Food/Nutrition Columnist
Oils – Are They All The Same?
Feb 24, 2014 - 12:04:50 AM

( - Using a moderate amount of oil is a healthy habit, but sorting out all the oils available at the supermarket can be daunting. All plant oils are made up of different types of fats - saturated, monounsaturated and polyunsaturated. Each variety of oil has some of each fat but the oil will be classified by the predominant fat in the oil.

The more saturated fat in oil the thicker or more semi-solid it will be. Good examples are coconut and palm kernel oil. Saturated fat is less health promoting because it increases your risk for heart attack and stroke. We are encouraged to swap foods high in saturated fat with foods that contain more monounsaturated and polyunsaturated fat. The same holds true for oil. Select oils with more monounsaturated or polyunsaturated fat and less saturated fat. Almost all plant oils are high in monounsaturated and polyunsaturated fats which are heart healthy choices.  All plant oils are trans fat free.

Oils with high smoking points can handle heat and are good for frying. Those with low smoking points are better for salad dressings, drizzles or dips. Once oil is heated beyond its smoking point it begins to break down, creates irritating smoke, and loses its flavor. It can also ignite. Any oil that smokes should be discarded.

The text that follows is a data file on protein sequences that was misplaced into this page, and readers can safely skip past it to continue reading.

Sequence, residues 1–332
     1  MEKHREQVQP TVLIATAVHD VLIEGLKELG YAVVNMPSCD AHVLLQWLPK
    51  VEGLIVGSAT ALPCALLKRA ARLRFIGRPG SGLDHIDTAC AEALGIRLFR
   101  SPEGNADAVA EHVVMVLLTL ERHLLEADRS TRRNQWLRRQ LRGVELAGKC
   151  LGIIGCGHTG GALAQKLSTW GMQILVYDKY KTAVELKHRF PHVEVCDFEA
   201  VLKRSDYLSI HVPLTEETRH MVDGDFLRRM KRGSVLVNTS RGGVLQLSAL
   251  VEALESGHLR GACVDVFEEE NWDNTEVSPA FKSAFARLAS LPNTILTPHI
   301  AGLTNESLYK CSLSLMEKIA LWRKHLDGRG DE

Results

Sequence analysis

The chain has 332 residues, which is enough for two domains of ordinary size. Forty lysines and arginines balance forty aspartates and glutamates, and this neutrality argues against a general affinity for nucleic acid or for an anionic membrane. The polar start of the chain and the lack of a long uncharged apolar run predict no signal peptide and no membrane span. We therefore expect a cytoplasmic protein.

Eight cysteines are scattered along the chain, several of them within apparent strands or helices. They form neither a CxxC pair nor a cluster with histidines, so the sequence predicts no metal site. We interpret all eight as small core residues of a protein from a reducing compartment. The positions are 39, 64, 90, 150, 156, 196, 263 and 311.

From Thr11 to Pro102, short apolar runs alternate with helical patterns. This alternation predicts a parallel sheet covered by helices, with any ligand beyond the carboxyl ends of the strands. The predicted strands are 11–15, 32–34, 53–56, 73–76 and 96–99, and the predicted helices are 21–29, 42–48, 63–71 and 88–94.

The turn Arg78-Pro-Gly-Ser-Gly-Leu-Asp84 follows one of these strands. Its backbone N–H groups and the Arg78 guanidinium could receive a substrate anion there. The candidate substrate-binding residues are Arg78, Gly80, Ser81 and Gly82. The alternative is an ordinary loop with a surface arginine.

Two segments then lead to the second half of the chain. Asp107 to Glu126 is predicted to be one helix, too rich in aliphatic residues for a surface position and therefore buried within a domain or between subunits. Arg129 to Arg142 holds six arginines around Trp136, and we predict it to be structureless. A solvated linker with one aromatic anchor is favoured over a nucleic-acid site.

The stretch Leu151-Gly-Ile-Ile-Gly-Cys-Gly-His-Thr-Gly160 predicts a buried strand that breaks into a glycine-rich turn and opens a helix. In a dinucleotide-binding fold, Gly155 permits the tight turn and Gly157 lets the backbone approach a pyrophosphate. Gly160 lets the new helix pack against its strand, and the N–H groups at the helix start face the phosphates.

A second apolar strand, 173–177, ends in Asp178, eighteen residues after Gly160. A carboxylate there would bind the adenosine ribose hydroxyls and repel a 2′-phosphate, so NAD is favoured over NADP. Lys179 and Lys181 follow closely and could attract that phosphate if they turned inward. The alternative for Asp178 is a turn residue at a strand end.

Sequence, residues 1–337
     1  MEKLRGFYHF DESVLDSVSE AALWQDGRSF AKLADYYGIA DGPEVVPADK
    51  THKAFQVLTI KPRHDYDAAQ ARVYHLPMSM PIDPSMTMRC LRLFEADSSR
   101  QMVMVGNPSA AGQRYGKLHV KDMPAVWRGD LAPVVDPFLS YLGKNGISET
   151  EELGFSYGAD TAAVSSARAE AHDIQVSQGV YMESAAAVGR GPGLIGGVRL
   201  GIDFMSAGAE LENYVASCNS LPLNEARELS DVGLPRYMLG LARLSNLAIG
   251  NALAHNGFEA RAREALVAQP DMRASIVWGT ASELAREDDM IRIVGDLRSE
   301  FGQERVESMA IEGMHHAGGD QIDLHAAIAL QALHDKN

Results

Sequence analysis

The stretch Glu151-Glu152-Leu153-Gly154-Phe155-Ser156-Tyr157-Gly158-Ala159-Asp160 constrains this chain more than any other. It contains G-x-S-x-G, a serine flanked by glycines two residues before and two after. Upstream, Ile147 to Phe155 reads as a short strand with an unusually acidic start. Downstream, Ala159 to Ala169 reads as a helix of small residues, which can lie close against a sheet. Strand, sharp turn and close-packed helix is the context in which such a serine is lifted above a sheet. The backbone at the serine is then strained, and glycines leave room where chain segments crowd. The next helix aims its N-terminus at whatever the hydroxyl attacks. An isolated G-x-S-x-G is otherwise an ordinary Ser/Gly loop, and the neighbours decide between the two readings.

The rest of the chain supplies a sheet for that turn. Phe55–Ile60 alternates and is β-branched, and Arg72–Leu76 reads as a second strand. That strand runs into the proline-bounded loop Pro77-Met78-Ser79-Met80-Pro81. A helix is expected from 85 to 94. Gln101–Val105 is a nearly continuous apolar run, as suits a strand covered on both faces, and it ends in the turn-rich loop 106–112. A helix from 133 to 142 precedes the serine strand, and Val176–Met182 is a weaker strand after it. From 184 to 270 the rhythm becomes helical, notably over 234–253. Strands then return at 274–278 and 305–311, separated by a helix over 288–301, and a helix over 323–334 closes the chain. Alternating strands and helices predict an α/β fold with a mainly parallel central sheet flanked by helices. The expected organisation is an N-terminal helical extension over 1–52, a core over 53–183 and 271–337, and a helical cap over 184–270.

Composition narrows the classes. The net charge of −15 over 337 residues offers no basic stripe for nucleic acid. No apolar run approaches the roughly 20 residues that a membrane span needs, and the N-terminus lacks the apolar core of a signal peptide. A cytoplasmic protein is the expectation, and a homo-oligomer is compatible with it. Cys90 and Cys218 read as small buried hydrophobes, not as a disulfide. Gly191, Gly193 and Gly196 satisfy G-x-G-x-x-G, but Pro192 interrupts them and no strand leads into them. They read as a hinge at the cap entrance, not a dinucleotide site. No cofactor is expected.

Let's take a look at the oils found on the supermarket shelf to help you decide what to buy and how to use each type.

Oil can be unrefined or refined.  Refined oils are extracted from clean oilseed by a solvent extraction to produce a clear oil, free from rancidity and foreign matter. Refined oils can be used for baking, sautéing, stir frying and oven cooking. If the oil you buy has a bland neutral flavor and is pale, it has been refined.

Unrefined oils are processed by cold-pressed and expeller-pressed methods. They are often called salad oils and are better used for dressings, marinades and low heat baking. They should not be cooked at high temperatures. Unrefined oils have full-bodied flavors that can dominate a recipe. They are more prone to spoilage so it is wiser to buy small amounts.

© NRH Nutrition Consultants, Inc.
Jo-Ann Heslin, MA, RD, CDN is a registered dietitian and the author of the nutrition counter series for Pocket Books with sales of more than 8.5 million books.

Look for:

The Diabetes Counter, 5th Ed., 2014

The Fat and Cholesterol Counter, 2014

The Most Complete Food Counter, 3rd ed., 2013

The Calorie Counter, 6th Ed., 2013

The Complete Food Counter, 4th ed., 2012

The Protein Counter, 3rd Ed., 2011

The Ultimate Carbohydrate Counter, 3rd Ed., 2010

The Healthy Wholefoods Counter, 2008

Your Complete Food Counter App:

For more information on Jo-Ann and her books, go to:


For advertising and promotion on, call Mike McCurdy: 877-634-9180 or [email protected] We have over 7,000 journalists as subscribers.


© Copyright by